Xenocide / Orson Scott Card
New York : Tor, 1992
Orig. published: 1991
Haha so followers of my blog (all zero of you) will notice that I haven't written in 5 months. Know why? Because that's how long it took me to read this book! I wish I were kidding, but this is the only thing I have read from October when my boyfriend told me to (I have a boyfriend now) until last night when I finally trudged through the last 10 pages.he novel takes place in two locations: the Chinese world of Path and Lusitania where Ender and his stilted plot line live. It became obvious early on that the Path novel held Card's strongest concept, and the Ender stuff was there because -- I dunno -- he knew he could monetize it?
Every character in Ender's world has one personality trait that dictates their arc, and nothing they do seems human at all. Every believable moment is smothered by the zealous application of LIFE QUESTIONS! People with staunch opinions for hundreds of pages have their minds changed in one paragraph. The same happens with scientific breakthroughs. You can bookmark all the turning points in this novel because it divides it into discrete sections: "Here's the part where they figure out the soul." "This is where they magically solve a millennium-old problem and talk about it for 50 pages."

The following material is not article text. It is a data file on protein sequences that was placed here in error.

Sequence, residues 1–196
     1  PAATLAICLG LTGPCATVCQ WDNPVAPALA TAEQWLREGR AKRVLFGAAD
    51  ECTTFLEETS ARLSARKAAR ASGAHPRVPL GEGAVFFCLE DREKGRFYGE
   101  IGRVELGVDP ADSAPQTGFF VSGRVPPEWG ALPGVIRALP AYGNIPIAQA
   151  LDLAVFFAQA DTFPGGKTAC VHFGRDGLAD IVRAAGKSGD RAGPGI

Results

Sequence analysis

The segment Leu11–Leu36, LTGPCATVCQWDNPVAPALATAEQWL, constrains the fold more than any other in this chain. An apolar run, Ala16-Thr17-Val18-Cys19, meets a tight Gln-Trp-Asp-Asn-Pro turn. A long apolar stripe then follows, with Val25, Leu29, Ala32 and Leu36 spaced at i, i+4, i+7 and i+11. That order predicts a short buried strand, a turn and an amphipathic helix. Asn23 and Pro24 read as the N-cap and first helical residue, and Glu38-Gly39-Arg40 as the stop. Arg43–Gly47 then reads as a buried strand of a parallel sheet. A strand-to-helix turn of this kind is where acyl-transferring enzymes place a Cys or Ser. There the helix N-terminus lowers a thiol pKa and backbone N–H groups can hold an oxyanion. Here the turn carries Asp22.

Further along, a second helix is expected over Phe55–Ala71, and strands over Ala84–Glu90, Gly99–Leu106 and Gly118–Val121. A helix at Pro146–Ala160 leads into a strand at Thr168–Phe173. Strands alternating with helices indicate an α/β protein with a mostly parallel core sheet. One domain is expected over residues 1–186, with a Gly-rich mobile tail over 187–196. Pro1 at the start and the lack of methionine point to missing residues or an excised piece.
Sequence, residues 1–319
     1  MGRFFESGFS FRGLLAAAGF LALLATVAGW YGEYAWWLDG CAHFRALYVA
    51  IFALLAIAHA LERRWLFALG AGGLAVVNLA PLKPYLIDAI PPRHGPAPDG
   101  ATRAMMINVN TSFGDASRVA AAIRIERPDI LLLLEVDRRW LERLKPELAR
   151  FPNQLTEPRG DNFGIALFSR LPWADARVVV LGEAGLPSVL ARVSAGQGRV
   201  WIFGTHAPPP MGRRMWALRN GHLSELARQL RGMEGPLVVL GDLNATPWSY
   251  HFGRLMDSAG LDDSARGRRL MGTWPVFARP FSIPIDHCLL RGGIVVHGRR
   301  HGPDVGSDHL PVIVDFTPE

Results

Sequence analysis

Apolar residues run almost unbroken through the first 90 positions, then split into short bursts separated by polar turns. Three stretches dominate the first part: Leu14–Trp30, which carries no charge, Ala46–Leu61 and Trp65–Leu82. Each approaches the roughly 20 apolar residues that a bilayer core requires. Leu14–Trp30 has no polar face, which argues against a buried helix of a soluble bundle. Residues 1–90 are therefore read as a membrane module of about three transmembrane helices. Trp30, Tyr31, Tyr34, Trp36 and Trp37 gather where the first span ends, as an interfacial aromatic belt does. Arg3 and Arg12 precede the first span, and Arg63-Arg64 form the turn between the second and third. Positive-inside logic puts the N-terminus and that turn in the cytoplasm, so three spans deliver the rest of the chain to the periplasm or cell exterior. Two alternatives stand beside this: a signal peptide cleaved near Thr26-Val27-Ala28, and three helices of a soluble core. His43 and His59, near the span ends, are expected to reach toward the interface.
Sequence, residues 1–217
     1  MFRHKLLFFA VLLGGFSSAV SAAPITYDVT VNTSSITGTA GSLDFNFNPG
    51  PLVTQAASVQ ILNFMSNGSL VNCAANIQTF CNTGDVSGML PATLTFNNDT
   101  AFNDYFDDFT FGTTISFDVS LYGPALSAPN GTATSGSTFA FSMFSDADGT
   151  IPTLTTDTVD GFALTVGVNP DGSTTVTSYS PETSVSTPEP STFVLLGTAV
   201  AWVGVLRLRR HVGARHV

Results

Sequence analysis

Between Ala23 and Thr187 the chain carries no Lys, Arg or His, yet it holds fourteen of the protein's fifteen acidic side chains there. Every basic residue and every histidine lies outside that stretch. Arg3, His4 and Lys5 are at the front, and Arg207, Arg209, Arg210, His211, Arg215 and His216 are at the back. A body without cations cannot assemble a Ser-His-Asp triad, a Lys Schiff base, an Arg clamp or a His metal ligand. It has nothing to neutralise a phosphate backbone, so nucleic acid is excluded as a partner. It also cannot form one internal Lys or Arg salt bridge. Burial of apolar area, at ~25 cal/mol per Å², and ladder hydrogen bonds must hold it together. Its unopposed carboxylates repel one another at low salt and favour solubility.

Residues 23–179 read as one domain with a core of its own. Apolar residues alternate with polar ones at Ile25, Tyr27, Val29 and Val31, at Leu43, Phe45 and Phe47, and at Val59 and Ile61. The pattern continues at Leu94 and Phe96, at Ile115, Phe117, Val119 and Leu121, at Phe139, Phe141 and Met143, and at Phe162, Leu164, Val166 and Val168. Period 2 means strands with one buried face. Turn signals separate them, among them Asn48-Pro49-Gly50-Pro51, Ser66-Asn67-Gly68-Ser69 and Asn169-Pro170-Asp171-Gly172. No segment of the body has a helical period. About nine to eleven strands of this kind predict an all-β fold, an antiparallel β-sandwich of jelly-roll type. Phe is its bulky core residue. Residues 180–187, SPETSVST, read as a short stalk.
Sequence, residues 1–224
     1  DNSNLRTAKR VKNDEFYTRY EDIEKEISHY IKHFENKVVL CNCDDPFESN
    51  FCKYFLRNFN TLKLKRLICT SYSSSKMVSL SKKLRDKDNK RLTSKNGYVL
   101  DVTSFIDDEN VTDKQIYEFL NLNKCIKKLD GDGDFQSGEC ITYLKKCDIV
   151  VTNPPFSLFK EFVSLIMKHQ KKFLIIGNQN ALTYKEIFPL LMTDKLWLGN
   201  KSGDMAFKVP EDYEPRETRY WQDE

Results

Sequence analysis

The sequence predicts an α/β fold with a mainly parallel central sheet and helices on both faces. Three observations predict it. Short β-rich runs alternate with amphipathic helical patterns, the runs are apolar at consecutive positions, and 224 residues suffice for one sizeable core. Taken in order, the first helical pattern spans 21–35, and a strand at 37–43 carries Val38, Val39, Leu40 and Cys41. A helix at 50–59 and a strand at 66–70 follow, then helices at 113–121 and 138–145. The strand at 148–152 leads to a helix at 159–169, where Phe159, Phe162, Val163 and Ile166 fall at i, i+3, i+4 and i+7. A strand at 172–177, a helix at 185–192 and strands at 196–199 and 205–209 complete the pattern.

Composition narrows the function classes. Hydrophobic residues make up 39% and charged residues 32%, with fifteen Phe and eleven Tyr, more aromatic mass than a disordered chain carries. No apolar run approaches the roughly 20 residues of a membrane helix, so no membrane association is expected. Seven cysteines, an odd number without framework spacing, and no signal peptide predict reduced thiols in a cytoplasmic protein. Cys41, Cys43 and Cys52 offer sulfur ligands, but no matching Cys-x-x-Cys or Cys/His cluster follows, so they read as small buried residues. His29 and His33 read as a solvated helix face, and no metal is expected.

If Card had kept this story as a 250-page novel on Path, it would have worked, but he crammed so much in here that he splintered his vision, lost control, and could only rein it in with a novel where the blocking and outline are too obvious. It damaged both his Path story, filled with potential, and the Ender saga that was off to such a great start.